Because seemingly trivial variations in the wording or format of self-report materials can strongly influence participants’ answers (Schwarz 1999), researchers should take particular care in wording their self-report measures. Making sure that the participants’ understanding of the items or questions match what the researchers intend is crucial to the interpretation of their results. Thus, researchers are encouraged to pilot test their materials (see Schwarz and Sudman 1996) to assess their reliability and validity before large amounts of data are collected.

Finally, with new technological advances, researchers can collect large amounts of data while eliminating various sources of measurement error (Miller 2012). For example, to help reduce problems associated with memory or lack of self-knowledge, researchers may employ text messaging as a method in order to receive immediate, or near-immediate, data that do not rely on the individual to recall past events or count the frequency of past behaviors. Furthermore, with the now ubiquitous use of smartphones, researchers can create interactive surveys and experiments to collect data from real-world behaviors, experiences, and emotions in real time, rather than later in a lab room (Miller 2012).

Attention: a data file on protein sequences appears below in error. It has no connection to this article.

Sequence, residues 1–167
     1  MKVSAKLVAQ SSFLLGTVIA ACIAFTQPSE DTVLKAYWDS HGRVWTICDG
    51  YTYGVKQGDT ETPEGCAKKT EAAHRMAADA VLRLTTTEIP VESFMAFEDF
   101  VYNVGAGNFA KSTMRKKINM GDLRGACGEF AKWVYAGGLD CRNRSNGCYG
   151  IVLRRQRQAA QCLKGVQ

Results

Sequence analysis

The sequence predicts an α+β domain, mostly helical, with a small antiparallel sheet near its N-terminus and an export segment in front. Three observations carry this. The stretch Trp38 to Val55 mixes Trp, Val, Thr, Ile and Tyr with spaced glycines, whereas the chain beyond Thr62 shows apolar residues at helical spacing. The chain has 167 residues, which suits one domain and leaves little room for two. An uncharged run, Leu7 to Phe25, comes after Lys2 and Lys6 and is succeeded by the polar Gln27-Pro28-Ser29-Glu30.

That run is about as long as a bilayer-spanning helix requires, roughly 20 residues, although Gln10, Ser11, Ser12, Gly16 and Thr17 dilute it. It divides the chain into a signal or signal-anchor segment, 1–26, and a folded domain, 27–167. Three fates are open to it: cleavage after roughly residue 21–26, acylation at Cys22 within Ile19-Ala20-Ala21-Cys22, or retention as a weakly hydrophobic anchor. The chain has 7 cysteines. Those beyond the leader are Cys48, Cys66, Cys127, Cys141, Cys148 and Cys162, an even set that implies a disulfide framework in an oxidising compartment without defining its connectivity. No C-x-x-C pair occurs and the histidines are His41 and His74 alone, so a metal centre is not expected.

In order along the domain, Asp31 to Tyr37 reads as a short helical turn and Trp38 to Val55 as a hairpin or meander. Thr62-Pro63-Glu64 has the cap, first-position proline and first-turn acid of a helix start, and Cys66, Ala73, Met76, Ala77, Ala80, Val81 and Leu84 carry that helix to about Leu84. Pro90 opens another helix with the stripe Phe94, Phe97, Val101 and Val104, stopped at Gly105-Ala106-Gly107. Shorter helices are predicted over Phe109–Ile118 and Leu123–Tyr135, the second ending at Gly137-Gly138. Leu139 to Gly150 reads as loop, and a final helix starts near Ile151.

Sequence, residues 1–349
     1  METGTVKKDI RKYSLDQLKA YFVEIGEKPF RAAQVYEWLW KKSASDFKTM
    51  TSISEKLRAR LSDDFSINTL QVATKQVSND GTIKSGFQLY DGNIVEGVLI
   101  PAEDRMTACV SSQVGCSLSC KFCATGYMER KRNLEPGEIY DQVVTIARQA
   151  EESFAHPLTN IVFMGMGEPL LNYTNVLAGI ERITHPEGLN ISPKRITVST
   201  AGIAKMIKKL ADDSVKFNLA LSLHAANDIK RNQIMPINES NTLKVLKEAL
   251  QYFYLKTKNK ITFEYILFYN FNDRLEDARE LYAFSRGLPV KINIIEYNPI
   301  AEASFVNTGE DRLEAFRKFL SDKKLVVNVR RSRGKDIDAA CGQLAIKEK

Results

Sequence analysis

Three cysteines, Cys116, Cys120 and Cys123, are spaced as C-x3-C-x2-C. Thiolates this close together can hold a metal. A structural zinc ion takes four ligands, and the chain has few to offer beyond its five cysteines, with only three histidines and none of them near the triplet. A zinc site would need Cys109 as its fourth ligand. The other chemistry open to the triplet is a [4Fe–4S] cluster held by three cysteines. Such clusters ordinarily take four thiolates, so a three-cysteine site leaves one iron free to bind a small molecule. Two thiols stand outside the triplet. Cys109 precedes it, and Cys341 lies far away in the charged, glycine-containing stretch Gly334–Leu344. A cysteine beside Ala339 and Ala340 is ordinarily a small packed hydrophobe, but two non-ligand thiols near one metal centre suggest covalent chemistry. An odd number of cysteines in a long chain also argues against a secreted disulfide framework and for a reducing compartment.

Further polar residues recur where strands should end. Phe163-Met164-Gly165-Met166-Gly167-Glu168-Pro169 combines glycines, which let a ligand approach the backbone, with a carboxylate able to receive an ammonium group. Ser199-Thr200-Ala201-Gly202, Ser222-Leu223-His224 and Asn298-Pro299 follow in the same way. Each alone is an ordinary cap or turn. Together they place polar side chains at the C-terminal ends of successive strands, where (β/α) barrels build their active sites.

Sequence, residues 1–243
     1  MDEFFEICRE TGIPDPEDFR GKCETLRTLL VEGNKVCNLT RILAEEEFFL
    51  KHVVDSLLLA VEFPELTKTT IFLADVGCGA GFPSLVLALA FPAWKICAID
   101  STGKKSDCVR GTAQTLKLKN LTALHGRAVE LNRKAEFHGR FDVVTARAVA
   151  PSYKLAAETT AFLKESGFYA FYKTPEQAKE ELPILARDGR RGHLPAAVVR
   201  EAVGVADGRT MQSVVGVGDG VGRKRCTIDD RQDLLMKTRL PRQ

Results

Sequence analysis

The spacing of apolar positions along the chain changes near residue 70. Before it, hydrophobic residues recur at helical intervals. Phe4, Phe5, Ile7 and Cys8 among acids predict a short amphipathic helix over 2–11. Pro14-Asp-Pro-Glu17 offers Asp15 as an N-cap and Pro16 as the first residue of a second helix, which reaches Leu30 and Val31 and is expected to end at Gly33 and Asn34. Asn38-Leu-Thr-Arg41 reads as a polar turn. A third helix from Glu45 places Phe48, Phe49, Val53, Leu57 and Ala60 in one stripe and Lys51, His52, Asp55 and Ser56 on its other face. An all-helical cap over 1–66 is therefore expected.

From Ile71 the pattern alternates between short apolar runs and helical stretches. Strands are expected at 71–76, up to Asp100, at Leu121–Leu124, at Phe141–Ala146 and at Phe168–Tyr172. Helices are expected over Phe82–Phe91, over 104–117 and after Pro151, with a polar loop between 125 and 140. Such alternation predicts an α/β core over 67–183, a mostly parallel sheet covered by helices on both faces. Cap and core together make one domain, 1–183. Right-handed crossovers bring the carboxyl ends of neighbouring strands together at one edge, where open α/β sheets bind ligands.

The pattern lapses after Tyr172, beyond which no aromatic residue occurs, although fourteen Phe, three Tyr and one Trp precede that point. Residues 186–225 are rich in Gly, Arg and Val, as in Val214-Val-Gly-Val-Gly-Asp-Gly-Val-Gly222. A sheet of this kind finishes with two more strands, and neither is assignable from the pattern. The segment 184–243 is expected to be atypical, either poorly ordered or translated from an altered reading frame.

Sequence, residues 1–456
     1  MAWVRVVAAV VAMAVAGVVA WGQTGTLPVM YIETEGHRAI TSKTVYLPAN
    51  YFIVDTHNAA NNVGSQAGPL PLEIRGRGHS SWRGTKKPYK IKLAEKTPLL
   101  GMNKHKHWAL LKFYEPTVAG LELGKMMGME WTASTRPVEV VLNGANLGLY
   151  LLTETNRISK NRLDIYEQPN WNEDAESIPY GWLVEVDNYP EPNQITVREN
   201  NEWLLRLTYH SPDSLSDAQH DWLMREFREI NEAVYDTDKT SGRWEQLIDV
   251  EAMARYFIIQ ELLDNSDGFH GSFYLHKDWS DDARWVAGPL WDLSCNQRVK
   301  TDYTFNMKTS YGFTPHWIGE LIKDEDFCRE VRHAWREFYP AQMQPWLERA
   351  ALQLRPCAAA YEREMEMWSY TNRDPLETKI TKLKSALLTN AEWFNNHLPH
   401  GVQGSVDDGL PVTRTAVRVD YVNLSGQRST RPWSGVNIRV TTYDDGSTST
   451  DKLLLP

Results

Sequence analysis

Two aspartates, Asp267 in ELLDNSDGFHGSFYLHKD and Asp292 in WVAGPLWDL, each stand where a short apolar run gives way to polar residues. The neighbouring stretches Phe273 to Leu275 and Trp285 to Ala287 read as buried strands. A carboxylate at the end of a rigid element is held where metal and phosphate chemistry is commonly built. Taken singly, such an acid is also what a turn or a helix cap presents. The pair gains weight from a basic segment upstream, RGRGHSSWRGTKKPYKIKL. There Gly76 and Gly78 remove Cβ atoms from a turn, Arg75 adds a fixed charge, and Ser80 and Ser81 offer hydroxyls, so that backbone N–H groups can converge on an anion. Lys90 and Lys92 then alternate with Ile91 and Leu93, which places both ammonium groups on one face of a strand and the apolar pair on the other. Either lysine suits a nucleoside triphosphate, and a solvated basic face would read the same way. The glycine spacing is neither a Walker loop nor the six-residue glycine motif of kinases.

All research methods have strengths and limitations. When designing studies, researchers should be aware of the particular, potential limitations of each research method and take the necessary steps in reducing measurement error and avoiding unnecessary pitfalls. The criticisms associated with self-report measures are real; however, researchers aware of these criticisms may still use self-report methods in their research to obtain reliable and valid results. In the absence of infinite resources, self-reports are valuable, practical, and cost-effective measurement tools that can be employed by researchers in their investigations of fascinating research questions in evolutionary psychology.



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Copyright information

© Springer International Publishing AG (outside the USA) 2016

Authors and Affiliations

  • Amanda L Martens
    • 1
    Email author
  • Stuart S Miller
    • 1
  • Donald A Saucier
    • 1
  1. 1.Kansas State UniversityManhattanUSA

Section editors and affiliations

  • Gary L Brase
    • 1
  1. 1.Department of Psychological SciencesKansas State UniversityManhattanUSA